The Thomas Blog

BIM vs CAD What's The Difference
Data Syndication

BIM Vs. CAD Files: What's The Difference?

What's the difference between CAD and BIM? To put it simply, it depends on your project.

BIM Vs. CAD — Which To Use?

CAD is typically used for industrial design of mechanical and electrical assemblies, from airplanes to iPhones. BIM is used exclusively in the design and construction of commercial buildings like airports, office towers or schools.  BIM also includes important characteristics to allow for virtual collision detection and the discovery of construction-related problems prior to breaking ground.

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Industrial Lead Gen
CAD

5 Things Every Product Manufacturer Must Know To Drive Leads

Hardly a day goes by that we don’t hear about new CAD tools and features that engineers want to use with the parts and components from their most favored manufacturers. Most manufacturers rely on a website and phone number to handle these inquiries for new data, but putting the onus on customers runs the risk of losing them.

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Leveraging Omni-Channel To Get Specified
Thomas Enterprise

Leveraging Omni-Channel To Get Specified

Today’s marketing world is filled with buzzwords. From acronyms like “KPI” and “CTR” to rising industry trends like “big data” and “hyperlocal,” sales and marketing leaders in the manufacturing space constantly find buzzwords left and right. So when you come across the word “omni-channel,” you may be quick to dismiss it.

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CAD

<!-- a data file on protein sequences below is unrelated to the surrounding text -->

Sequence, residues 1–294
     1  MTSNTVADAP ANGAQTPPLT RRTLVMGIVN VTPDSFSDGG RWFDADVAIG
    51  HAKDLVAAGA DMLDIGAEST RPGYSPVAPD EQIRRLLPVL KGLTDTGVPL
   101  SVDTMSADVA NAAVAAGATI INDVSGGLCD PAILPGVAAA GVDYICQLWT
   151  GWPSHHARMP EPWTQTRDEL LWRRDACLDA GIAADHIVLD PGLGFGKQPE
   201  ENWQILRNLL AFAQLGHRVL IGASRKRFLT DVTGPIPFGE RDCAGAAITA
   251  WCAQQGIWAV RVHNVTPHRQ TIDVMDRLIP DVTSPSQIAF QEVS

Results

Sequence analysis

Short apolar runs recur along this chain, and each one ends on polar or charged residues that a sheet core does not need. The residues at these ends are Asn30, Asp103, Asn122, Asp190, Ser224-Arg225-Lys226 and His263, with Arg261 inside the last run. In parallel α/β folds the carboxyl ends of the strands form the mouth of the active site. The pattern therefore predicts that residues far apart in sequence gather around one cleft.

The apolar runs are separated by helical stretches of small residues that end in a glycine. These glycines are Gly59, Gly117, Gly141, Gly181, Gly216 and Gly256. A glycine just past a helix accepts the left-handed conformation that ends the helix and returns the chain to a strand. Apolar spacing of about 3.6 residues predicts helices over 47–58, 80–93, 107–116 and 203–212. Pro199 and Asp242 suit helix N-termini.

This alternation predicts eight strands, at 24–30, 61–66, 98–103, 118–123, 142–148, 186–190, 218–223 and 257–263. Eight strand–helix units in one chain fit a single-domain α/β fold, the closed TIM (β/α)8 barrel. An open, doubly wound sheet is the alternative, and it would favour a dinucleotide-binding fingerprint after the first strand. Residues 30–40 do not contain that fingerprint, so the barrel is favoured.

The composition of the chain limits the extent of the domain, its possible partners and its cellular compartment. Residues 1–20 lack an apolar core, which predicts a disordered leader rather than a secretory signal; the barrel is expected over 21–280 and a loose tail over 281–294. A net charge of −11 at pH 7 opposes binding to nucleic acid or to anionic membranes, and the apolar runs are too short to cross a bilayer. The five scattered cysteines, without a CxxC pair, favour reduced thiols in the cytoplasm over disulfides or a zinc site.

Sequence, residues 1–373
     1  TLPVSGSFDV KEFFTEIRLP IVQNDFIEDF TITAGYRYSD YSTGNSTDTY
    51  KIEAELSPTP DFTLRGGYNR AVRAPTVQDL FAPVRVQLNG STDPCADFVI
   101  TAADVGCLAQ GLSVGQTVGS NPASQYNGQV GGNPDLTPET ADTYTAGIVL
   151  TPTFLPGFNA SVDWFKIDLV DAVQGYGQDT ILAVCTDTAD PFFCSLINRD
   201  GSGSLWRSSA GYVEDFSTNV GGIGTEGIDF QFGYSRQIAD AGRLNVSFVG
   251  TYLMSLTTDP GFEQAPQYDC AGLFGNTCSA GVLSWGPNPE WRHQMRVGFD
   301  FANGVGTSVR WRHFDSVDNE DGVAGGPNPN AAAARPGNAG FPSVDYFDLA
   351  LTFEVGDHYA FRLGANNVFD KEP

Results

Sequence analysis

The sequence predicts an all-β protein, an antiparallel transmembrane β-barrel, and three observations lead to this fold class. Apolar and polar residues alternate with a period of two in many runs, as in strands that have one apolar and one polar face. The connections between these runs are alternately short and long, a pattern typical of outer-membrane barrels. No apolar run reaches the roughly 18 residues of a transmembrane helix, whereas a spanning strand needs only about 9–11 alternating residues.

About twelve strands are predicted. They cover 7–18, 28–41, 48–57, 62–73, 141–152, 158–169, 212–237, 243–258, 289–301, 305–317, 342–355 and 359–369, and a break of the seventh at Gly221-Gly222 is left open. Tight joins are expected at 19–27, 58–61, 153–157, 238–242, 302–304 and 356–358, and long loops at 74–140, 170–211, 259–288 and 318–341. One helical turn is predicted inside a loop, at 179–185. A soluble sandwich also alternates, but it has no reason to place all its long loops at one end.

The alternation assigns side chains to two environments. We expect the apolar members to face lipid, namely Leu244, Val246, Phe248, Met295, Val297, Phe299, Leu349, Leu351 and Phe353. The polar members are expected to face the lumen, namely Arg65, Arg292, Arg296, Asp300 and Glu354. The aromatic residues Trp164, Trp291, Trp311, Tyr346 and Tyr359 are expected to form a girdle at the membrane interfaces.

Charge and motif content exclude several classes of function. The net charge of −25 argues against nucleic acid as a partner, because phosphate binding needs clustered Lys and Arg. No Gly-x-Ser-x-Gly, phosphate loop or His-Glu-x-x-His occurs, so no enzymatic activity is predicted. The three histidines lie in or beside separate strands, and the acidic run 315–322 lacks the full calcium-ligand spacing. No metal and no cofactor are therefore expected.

CAD vs. BIM Files: 3 Major Differences

For decades, product design engineers have used computer-aided design (CAD) programs — such as Autodesk’s AutoCAD — to design various parts and components. These sophisticated programs are capable of creating extremely detailed 2D and 3D models.

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Data Syndication

Who’s Downloading CAD Files?

Over the last few years, you’ve probably noticed that the phone doesn’t ring as often in the Sales Engineer bullpen.

There are still prospects out there, though — they’re just now seeking the information they need online rather than calling manufacturers directly.

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Data Syndication

3 Reasons ISO Standards Aren't Enough To Get Specified

International standards like ISO, ANSI, NEMA are well-established across businesses in the industrial market.

These standards, developed by technical experts in national and international trade associations, influence market requirements and have become the benchmark for quality among manufacturers.

However, the standards must be broad enough to apply to different businesses and applications, and thus define form, fit and function at only generic levels.

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